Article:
Yet none of the stories ever include a white person dying. I can recall about three stories (out of 30) where the school kid got in a fight, though none of them required medical attention. The black people on Bankhead never hurt me and none of those I have met who took the dangerous wrong turn, were ever actually assaulted. Where are the dead white bodies? By the persistence of these stories there should be graveyards filled with white victims of racial oppression. I suspect that white people reading this are simultaneously searching their memories to find their examples of actual black on white violence to refute my question. They (we) are looking for their anecdote to support this idea, that a brown or black majority is synonymous with anti-white violence. But it isn’t really necessary because the idea that it could have happened, because it is perceived as a possibility, is always enough to prove the point.

Why?

Is it true that white people in black spaces are in danger, so these stories are simply a practical warning? The data does not bear this out.11church

Does the data not back the lore because the warnings have been heeded? If the white folks had not fled when black people moved into their neighborhoods would there have been great rashes of black on white beatings? Are white people not accosted while driving through “bad”, aka black, neighborhoods at significant numbers only because the white people are listening and driving the long way home? Perhaps the myth is only a myth because it is effectively serving its purpose. Maybe.

I have wondered this quite a bit since 1995 and it led me to do a lot of looking. I have looked all the way back to the 1600’s and I will admit, I found some stories. There was that time in 1675 when a bunch of white people found themselves settling in a brown neighborhood called Plymouth and the brown people started burning villages and killing people for 3 years before they were permanently defeated and almost completely, exterminated. There was that time in 1831 when Nat Turner tried to kill all the white people in his neighborhood, or 1859 when John Brown riled up some black people and they killed 5 white people, injured 9, but were then themselves crushed by Robert E Lee. There was that time after the civil war in 1898 when the whole state of North Carolina, including Wilmington, was a black neighborhood. Violence broke out on voting day- and 100 black people were killed, black homes were burned, yet strangely no white people died.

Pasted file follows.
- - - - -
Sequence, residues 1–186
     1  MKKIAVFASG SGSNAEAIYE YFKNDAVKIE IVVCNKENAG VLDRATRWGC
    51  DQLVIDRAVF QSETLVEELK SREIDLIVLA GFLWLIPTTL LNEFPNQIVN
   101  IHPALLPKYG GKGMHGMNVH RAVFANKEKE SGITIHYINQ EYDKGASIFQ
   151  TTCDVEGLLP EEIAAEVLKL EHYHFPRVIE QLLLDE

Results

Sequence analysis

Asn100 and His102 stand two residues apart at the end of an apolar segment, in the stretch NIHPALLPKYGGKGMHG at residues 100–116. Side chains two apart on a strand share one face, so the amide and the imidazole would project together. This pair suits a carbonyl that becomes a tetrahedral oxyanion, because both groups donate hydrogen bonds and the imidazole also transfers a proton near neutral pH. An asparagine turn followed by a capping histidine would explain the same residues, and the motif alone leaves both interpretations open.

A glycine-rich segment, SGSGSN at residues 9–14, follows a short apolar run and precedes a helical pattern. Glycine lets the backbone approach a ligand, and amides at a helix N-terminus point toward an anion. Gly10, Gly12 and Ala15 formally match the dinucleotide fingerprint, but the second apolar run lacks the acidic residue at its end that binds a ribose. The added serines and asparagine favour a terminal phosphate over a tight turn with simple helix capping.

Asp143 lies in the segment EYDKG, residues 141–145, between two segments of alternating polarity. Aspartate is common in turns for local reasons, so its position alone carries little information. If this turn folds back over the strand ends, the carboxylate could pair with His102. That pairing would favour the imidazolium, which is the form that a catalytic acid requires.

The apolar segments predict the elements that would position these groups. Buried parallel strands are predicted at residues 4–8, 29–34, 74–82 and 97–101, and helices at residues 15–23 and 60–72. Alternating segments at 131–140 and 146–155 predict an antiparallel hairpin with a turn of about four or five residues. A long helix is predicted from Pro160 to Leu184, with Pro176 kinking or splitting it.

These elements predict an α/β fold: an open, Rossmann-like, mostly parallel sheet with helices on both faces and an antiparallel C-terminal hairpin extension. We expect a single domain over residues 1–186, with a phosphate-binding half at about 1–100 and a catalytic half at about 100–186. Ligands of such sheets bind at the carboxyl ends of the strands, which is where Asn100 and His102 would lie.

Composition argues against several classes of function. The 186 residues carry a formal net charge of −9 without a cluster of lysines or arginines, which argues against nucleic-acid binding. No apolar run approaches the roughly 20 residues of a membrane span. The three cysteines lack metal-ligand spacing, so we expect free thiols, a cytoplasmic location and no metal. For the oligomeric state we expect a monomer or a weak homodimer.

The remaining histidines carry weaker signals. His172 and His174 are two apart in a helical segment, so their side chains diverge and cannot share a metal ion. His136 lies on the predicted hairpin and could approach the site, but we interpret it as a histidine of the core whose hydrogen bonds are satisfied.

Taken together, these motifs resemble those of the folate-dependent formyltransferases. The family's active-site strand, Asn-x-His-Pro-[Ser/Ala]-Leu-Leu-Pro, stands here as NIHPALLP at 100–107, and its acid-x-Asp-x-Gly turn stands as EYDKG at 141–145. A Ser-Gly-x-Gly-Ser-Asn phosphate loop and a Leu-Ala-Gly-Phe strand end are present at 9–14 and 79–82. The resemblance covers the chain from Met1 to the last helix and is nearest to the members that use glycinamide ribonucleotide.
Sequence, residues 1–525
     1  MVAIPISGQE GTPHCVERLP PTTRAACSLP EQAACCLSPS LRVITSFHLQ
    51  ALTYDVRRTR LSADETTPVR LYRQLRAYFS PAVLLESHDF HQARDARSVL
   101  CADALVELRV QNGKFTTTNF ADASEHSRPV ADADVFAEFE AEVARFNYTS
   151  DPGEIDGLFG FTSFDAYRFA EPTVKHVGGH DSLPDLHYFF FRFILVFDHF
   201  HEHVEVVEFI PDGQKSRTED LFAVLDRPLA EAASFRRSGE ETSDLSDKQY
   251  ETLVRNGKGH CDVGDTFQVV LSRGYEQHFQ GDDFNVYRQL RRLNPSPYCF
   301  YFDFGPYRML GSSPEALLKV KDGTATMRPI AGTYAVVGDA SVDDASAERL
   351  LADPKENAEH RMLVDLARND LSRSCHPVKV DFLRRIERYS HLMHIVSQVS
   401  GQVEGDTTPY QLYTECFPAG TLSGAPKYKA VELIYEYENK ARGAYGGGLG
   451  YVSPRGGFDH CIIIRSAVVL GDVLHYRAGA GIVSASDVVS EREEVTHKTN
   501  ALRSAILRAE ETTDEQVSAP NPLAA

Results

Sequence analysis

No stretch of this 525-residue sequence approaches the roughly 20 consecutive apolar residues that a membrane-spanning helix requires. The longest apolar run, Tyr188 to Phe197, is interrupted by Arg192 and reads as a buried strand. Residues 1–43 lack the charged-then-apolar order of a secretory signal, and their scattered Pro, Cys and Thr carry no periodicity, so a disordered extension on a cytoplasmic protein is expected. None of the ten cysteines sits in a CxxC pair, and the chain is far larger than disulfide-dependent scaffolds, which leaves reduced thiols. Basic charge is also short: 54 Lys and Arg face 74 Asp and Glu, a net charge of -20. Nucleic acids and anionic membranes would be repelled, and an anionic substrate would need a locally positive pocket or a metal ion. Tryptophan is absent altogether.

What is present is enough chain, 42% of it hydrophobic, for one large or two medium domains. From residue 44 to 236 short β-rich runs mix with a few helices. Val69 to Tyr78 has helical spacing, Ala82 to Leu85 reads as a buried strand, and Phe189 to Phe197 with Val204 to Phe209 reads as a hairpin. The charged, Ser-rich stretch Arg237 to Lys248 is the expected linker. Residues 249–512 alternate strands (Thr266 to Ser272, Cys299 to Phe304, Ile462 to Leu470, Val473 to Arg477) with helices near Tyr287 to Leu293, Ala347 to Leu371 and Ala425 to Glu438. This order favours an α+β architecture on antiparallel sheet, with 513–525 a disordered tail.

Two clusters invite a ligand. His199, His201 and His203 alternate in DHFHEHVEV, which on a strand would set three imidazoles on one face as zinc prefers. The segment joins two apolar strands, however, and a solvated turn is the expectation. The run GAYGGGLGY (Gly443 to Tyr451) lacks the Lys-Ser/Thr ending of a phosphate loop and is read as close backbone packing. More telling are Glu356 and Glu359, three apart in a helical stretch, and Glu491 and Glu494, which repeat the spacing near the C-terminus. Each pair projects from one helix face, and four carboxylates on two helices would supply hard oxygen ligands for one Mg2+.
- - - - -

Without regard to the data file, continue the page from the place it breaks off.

There have been race riots in Atlanta (1906), St. Louis (1917), Chicago (1919), Tulsa (1921), Harlem (1935), Detroit (1943), Watts (1965), and on and on up till today there has been violence when black and white collide. Yet in every single one of those situations, including the ones back in the beginning, the primary casualty has always been the brown or black people. The white people win every time so why in all the stories people tell me, are the white people the ones in danger?